Going off the diet in honour of the wedding

A Fraction of the Whole by Steve ToltzAs someone with a low boredom threshold, an overly busy life, and who travels to work by bus, it has become very necessary over the past few years for me to read fairly short portable books.

Also it’s ideal to choose one that is light enough not to cause too much pain in the evening when I fall asleep mid-sentence and it falls on my nose.  Yet I also demand my reads to be unpredictable and intriguing, so while Mills and Boons are the perfect size for me their content sadly is not.  Lean protein is the thing.

My heart sank when I saw the size of A Fraction of the Whole by Steve Toltz on the holds shelf, after my sister heartily recommended it, claiming she was going to marry its author.  I texted her along the lines of “What are you thinking? I can’t read a book that big these days!”  But she, with possibly a smaller attention span than even me, insisted.  And if Steve was going to become my brother-in-law, I felt I should flex my muscle if I could find it, read on my side and undertake the journey.

And what a ride it is!  A great intriguing unpredictable story, no wonder it was short-listed for the Man Brooker Prize 2008, and no wonder Philip blogged enthusiastically about it.   This is the kind of book that makes you wonder how the author could possible top it.  Go Steve, and stay in Australia where you are safe from ever having to meet my crazy sister.

With my new-found strength in book reading, and the realisation that I can cope with reading a fat book in bed at night, as long as its nutritious, and put a light one in my handbag for the bus trip, I have a more balanced diet.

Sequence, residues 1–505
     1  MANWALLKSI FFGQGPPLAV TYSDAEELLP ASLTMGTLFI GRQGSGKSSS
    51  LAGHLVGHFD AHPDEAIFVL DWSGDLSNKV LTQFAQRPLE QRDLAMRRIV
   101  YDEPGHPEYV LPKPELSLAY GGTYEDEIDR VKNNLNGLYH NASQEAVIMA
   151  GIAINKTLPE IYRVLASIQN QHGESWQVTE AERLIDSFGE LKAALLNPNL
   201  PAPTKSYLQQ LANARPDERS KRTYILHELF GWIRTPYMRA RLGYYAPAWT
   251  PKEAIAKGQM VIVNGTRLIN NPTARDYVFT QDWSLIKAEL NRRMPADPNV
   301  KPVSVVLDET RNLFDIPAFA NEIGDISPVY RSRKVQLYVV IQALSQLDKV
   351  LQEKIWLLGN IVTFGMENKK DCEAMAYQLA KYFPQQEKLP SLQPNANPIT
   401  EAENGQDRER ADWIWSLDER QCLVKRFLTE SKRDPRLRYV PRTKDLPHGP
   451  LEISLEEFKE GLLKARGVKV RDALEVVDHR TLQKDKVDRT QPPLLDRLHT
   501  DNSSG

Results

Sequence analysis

So which fat books do you think are worth the risk?   I recommended the very weighty tome The Crimson Petal and the White by Michel Faber to a friend recently, and it has been great fun hearing her describe how she manages to read it in bed without damaging herself.

PS I got back at my sister by recommending to her the book by the man I am going to marry.  Any guesses?  Clue: the book is a fat one and is by another Australian.  I think there will be a double wedding.  Just as soon as I’ve finished Hilary Mantel’s Wolf Hall and my muscles are in top shape.

Warning – Spoiler Alert

Legend of a suicideMost reviews of David Vann’s Legend of a Suicide have a warning – do not read a detailed plot summary until after you have read the book. It will spoil the impact of this incredibly powerful story. So I won’t let you in on the secrets of the plot but let me tell you, this is the best thing I have read in a long time.

David Vann, an assistant professor of creative writing at Stanford University, visited NZ recently to promote his book and talk to Kim Hill. He talked about the suicide of his father when he was barely a teen. Based on this relationship with this hopeless Dad, Vann mixes memoir and fiction to exact a stunning but “not so sweet” revenge. It is absolutely mind-blowing and compelling. Lionel Shriver was thinking of suing David Vann for several hours of lost sleep. “I defy you to put this book down,” she says.

Even when you put it down, it haunts you like a vivid dream. The raw beauty of the wilderness, the wry commentary on American middle class families, but, all pervading, is the flawed relationship between father and son. “A father, after all, is a lot for a thing to be,” says Vann. Read it at your peril – it is deeply disturbing, funny, and utterly beautiful. I’d be interested in what you think about it.

Read The Shape of Things by Bill Ralston in the Listener if you are puzzled but only after reading the book.  If you really can’t get your head around it think of it not as a straight narrative but more like a sandwich of short semi- autobiographical stories with a novella in the middle.  But then I like being puzzled…

Voters on tenterhooks – Image of the week

A portion of the crowd awaiting the result of the 1919 election, the results being displayed by lantern on a board in Christchurch.

A portion of the crowd awaiting the result of the 1919 election, the results being displayed by lantern on a board in Christchurch

The weekly press, 24 Dec. 1919, p. 28

Do you have photos of special events or holidays? We love donations. Contact us

Also contact us if you have any further information on any of the images. Want to see more? You can browse our collection here.